Recruitment processes

Many rocky shore species, plant and animal, possess a planktonic stage: gamete, spore or larvae which float in the plankton before settling and metamorphosing into adult form. This strategy allows species to rapidly colonize new areas that become available such as in the gaps created by storms. For these organisms it has long been evident that recruitment from the pelagic phase is important in governing the density of populations on the shore (Little & Kitching, 1996). Both the demographic structure of populations and the composition of assemblages may be profoundly affected by variation in recruitment rates.
  • Recruitment of Fucus serratus from minute pelagic sporelings takes place from late spring until October. There is a reproductive peak in the period August - October and plants can be dispersed long distances (up to 10km). However, weak tidal streams probably results in a smaller supply of pelagic sporelings and most recruitment may come from local populations.
  • Fucus vesiculosus gametes may be produced from mid winter until late summer with a peak of fertility in May and June. Eggs and sperm are released into the seawater and fertilised externally. Zygotes settle to the seabed and begin development wherever they fall. The egg becomes attached to the rock within a few hours of settlement and may adhere firmly enough to resist removal by the next returning tide.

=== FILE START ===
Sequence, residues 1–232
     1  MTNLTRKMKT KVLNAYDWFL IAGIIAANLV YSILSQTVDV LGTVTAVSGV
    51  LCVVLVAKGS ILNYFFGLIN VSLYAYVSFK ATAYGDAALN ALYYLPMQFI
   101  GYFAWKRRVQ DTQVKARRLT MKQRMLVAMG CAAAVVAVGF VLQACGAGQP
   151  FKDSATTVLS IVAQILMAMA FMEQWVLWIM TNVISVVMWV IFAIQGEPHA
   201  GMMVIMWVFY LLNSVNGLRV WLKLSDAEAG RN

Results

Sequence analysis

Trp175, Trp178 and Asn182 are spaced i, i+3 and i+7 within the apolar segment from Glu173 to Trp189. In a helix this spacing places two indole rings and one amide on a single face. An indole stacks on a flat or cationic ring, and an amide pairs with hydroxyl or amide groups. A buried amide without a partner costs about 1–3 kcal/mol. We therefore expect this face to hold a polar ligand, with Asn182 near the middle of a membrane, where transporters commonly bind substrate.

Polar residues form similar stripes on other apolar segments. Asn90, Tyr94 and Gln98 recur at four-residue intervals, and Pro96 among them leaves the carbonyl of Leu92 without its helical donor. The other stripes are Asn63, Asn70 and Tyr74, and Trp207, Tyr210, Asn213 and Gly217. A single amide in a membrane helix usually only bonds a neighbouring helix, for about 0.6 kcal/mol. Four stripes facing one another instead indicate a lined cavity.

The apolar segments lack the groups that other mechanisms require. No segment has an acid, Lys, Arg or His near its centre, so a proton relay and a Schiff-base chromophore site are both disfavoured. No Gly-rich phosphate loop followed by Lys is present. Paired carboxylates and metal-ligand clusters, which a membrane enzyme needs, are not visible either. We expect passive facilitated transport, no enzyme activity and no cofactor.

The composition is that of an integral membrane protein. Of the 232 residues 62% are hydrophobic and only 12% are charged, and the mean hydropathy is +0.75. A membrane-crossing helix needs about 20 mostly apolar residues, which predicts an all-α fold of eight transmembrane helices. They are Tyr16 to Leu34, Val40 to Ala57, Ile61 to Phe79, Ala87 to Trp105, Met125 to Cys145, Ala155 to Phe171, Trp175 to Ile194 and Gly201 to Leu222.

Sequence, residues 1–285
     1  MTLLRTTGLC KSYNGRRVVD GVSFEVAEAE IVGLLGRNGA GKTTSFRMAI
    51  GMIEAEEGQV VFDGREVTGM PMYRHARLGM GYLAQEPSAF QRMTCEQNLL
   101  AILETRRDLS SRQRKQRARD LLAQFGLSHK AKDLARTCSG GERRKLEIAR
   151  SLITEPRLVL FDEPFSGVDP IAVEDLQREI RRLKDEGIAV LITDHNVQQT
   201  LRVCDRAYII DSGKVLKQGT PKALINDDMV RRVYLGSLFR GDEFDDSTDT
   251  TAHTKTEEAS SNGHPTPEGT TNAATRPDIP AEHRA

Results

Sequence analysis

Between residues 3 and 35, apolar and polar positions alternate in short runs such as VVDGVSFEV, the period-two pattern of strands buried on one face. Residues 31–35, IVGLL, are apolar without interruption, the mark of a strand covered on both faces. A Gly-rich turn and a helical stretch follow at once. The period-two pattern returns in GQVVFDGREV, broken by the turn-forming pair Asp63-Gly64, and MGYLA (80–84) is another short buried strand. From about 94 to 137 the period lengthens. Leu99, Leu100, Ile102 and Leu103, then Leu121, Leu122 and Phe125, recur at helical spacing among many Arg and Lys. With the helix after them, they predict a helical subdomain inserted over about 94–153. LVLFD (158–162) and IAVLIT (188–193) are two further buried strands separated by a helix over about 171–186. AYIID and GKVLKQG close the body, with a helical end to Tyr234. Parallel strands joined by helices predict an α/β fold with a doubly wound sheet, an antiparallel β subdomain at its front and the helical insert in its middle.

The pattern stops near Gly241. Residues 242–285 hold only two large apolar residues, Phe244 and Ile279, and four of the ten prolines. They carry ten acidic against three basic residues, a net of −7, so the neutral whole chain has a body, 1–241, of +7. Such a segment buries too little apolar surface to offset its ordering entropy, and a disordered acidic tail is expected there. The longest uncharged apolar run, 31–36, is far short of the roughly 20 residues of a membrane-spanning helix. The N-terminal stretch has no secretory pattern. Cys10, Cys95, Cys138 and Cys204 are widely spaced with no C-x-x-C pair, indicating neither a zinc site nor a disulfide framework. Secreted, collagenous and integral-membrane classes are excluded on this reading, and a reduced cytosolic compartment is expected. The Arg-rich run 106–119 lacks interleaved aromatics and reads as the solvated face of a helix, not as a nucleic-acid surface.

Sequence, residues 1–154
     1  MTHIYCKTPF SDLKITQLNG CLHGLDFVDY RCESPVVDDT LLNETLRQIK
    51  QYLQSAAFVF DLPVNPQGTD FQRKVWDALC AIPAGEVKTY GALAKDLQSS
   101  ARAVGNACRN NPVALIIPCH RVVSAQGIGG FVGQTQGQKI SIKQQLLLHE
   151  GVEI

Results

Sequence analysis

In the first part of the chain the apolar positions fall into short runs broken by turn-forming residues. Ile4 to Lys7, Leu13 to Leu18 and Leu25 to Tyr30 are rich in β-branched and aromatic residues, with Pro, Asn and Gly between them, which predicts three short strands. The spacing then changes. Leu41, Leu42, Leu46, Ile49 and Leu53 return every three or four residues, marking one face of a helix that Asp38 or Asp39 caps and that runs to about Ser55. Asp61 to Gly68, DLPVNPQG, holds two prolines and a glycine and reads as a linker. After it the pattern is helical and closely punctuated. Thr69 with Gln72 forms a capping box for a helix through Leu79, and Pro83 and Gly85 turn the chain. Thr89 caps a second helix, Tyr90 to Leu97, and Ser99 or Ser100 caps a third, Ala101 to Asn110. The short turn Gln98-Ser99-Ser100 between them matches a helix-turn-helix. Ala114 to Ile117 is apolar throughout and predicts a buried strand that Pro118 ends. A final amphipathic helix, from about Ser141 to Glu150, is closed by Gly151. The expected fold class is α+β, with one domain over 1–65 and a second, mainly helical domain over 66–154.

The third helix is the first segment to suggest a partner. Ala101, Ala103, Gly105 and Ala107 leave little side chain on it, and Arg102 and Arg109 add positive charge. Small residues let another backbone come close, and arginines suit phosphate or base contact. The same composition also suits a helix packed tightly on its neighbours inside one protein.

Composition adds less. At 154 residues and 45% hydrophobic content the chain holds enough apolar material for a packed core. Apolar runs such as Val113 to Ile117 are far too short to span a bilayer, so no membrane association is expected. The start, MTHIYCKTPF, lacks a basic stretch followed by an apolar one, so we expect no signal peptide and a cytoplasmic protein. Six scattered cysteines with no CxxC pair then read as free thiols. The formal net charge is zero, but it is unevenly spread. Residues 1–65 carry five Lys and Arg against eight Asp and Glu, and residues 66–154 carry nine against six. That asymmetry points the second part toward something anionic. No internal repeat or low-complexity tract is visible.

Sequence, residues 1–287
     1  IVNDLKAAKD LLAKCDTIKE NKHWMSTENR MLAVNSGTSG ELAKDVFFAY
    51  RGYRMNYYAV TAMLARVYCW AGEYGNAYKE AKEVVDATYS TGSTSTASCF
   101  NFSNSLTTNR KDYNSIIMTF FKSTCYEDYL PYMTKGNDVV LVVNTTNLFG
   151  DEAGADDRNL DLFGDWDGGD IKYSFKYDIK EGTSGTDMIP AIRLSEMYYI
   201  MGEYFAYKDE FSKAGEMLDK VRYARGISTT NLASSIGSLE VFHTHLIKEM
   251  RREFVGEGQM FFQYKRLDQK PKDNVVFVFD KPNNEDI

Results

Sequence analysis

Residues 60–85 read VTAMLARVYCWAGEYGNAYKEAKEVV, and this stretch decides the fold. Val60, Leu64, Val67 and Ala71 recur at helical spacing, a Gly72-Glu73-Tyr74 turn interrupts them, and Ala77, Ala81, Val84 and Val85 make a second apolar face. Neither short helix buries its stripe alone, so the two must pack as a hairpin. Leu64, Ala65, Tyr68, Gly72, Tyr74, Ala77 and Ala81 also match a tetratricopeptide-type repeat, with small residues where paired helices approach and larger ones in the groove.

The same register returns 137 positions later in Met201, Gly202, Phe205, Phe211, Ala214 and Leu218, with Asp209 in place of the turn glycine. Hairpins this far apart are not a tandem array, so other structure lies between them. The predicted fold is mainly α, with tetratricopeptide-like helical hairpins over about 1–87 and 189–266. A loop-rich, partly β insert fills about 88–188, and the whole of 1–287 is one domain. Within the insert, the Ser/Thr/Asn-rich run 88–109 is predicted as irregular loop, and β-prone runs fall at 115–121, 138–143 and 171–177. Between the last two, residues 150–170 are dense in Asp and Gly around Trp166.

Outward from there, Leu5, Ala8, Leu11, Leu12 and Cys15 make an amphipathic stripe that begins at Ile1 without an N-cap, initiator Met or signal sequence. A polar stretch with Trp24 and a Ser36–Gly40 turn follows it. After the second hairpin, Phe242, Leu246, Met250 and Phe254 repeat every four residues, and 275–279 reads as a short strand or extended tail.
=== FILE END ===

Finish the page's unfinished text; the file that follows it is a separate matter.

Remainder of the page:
• Visible Chorda filum sporophytes appear on shores between February and mid-March and develop into secondary sporophytes between April and June. The sporophytes are washed away from October to February, leaving behind zoospores or gametophytes.

Time for community to reach maturity

Fucoid species are found on all British and Irish coasts so there are few mechanisms isolating populations. With the exception of Ascophyllum nodosum fucoids are highly fecund, iteroparous, surviving and breeding for protracted periods over 3-4 years. The eggs are broadcast into the water column allowing a potentially large dispersal distance. Fucus serratus and Fucus vesiculosus recruit readily to cleared areas, especially in the absence of grazers (Hawkins & Hartnoll, 1985). Chorda filum is an annual species reappearing every year so appearance of the species on cleared areas in suitable conditions will be possible within a year. Green algal species such as Ulva sp. and Ectocarpaceae are opportunistic ephemeral species that can recruit rapidly when conditions are suitable and will often be the early colonizers of areas that have been disturbed. Therefore, the time for the biotope community to reach maturity is likely to be only a few years although development of a stable community structure may take a little longer due to competitive interactions.

Additional information

This review can be cited as follows:

Hill, J.M. 2001. Mixed fucoids, Chorda filum and green seaweeds on reduced salinity infralittoral rock. Marine Life Information Network: Biology and Sensitivity Key Information Sub-programme [on-line]. Plymouth: Marine Biological Association of the United Kingdom. [cited 26/11/2015]. Available from: <>